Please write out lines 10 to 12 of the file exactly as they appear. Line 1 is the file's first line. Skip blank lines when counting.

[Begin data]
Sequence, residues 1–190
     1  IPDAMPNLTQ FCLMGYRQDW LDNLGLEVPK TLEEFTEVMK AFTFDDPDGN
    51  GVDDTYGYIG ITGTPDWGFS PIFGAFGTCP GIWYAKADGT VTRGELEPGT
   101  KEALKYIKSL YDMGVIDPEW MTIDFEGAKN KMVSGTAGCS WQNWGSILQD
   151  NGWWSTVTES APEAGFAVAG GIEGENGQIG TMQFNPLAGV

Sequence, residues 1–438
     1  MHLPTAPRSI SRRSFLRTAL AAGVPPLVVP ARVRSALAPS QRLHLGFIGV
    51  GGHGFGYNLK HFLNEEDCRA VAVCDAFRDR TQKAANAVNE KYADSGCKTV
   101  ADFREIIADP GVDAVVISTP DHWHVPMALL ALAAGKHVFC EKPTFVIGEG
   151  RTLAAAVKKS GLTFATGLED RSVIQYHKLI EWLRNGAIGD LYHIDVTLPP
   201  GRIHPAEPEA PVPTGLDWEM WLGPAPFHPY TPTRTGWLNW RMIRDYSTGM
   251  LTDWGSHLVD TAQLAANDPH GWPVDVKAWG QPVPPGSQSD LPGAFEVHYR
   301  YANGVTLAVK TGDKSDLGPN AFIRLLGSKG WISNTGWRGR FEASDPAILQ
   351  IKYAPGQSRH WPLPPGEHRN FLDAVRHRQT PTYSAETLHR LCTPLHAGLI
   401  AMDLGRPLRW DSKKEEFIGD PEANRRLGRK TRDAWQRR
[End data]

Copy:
   151  RTLAAAVKKS GLTFATGLED RSVIQYHKLI EWLRNGAIGD LYHIDVTLPP
   201  GRIHPAEPEA PVPTGLDWEM WLGPAPFHPY TPTRTGWLNW RMIRDYSTGM
   251  LTDWGSHLVD TAQLAANDPH GWPVDVKAWG QPVPPGSQSD LPGAFEVHYR